Parents Surviving Summer: Keep your child happy and healthy with these tips

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VIRGINIA BEACH, Va. - Summer is almost here and that means much more outdoor fun for your kids.

It's important to think about extended sun and heat exposure, water safety and insect bites.

Although there are added precautions when dealing with the season, Dr. Bob Lehman with Pediatric Affiliates of Hampton Roads says its important to get your kids outside in the elements. "We definitely want them going outside, going to camp. We want them interacting with other kids we want them in the sun in the water, to be outside and breath fresh air. That’s so important."

When dealing with extended sun and heat exposure, Dr. Lehman says no matter where you go, even if it's cloudy or you'll be under some shade, your child needs to be wearing sunscreen.

"Sunscreen needs to be applied throughout all the areas that are exposed including behind the ears on the nose forehead," says Lehman.

SPF 15 and up should be enough. Whichever sunscreen you choose needs to have broad spectrum UVA and UVB protection.

As far as water safety, its important to constantly be watching your kids when they're swimming.

"Around the pool around the beach is not a time to be texting surfing or twittering when you have a child that’s there," says Lehman.

He also says every one, no matter what age, needs to be able to swim.

"Everybody needs to learn how to swim. Period. You can teach a child from six months on just to get used to the water and get them into a certified class so they get comfortable being in the pool and you feel comfortable having them in the pool."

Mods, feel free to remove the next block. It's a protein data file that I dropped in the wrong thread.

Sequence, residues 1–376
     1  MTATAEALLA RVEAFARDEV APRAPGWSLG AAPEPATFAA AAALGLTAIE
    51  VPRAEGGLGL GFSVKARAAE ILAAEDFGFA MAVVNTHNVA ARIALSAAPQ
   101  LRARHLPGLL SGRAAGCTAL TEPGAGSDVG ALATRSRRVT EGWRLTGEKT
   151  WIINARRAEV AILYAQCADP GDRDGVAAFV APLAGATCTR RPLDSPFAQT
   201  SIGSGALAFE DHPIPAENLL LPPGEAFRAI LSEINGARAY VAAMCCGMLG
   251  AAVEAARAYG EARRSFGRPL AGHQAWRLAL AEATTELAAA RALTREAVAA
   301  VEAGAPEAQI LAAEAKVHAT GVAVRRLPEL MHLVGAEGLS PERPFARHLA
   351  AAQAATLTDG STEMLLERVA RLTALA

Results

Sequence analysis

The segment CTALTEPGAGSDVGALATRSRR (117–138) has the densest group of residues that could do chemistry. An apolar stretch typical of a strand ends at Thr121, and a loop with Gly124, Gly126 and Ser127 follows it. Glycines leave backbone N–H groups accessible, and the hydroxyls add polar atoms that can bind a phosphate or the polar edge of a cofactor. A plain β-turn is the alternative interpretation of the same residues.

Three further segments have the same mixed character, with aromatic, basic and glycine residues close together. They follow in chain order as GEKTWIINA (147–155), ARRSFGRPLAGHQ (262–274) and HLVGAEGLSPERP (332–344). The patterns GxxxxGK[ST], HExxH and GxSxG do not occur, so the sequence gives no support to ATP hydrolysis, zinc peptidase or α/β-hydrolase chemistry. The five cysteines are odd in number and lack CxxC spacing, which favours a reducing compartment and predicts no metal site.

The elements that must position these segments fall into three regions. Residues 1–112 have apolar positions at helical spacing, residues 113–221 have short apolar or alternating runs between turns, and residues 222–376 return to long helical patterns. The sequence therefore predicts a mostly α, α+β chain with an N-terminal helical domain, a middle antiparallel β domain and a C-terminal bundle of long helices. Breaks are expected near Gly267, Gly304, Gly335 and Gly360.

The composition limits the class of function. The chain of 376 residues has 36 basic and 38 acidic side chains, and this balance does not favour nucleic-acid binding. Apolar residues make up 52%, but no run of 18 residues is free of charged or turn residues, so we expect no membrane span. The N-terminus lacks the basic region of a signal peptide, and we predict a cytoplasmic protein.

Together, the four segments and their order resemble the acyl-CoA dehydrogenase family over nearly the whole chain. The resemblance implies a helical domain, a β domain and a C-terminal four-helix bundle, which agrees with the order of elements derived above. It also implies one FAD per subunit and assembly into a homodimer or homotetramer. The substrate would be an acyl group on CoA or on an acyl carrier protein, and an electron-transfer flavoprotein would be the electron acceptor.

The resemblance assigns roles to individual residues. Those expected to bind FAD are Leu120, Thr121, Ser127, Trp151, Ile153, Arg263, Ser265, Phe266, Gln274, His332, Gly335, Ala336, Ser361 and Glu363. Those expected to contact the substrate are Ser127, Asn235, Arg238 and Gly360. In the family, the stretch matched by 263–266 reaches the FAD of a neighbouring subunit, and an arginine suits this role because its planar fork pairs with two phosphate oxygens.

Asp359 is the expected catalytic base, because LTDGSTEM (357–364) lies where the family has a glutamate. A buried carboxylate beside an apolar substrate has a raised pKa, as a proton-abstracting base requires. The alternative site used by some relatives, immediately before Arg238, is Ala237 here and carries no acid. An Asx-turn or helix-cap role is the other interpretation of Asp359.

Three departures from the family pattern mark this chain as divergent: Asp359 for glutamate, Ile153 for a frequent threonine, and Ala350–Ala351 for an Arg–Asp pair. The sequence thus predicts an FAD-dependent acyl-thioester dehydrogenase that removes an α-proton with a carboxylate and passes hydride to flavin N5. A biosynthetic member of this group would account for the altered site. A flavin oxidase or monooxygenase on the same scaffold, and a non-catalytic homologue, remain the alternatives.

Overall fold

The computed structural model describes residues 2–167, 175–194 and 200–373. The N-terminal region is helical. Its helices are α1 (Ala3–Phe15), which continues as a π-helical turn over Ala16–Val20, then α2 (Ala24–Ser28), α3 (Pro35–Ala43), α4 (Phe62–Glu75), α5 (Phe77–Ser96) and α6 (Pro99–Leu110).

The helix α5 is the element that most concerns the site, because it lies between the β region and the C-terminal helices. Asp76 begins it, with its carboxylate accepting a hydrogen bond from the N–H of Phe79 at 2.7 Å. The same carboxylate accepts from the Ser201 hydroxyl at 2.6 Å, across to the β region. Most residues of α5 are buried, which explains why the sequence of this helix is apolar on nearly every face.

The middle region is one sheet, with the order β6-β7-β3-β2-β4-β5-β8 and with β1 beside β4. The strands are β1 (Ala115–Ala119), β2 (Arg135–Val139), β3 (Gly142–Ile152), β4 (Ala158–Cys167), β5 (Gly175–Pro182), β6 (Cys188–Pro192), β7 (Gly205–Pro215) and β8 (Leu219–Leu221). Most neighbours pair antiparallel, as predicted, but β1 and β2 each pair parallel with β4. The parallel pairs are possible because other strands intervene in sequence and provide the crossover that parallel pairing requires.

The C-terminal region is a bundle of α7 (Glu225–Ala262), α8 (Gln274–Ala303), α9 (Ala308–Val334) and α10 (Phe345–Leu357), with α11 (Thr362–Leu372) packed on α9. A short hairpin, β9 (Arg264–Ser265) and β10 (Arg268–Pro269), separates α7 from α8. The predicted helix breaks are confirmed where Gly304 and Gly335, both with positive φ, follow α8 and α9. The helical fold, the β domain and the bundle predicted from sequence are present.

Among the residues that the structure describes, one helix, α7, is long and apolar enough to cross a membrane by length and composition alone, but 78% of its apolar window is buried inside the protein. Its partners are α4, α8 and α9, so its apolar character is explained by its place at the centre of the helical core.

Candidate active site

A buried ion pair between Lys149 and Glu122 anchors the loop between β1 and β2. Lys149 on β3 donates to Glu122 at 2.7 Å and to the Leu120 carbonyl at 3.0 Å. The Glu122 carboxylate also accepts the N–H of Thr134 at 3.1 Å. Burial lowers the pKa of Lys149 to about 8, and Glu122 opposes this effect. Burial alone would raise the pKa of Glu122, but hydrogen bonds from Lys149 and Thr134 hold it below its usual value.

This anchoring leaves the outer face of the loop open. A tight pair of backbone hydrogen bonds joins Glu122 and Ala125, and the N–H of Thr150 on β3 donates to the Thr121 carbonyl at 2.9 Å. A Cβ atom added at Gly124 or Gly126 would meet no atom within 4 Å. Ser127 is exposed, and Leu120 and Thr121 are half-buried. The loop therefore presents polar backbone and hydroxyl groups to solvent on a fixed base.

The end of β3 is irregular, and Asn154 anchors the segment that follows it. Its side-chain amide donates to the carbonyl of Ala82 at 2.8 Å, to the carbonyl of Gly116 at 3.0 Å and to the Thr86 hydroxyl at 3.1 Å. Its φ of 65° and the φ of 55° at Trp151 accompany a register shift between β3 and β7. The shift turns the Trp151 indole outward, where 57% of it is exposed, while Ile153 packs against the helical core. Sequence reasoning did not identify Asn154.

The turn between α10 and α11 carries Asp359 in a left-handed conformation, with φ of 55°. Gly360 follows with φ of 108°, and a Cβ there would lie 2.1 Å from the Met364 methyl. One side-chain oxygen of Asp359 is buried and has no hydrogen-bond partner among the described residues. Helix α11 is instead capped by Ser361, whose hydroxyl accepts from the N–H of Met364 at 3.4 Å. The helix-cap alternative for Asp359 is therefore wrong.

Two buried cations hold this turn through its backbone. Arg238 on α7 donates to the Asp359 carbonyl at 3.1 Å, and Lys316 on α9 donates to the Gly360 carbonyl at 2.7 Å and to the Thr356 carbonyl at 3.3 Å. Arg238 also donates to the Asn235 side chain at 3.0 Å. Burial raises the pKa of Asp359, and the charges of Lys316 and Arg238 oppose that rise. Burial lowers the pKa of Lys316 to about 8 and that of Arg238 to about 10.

For kids under six months he says constant contact is a necessity.

"Six months and below most parents put them into flotation devices and that’s fine," says Dr. Lehman, "but those children should be in arms length of you at all times. Don’t ever let them float away and think that will support them."

If your kids are old enough to swim on their own, its important to not only continue to keep an eye on them, but to also keep an eye on the lifeguards.

"I suggest the parents watch the lifeguard," says Dr. Lehman. "Typically they do a great job at watching kids, but there can be something that distracts them for awhile and sometimes there could be too many children in the pool. The only one you're really concerned about is your own child, but I would suggest to watch the watcher."

Bug bites are the last big issue.

"Everyone is concerned now about Zika, but we have to worry about Dengue fever and Lyme disease," says Lehman.

Any bug spray you choose needs to have at least twenty percent of the repellent 'DEET' and needs to be applied to any exposed area.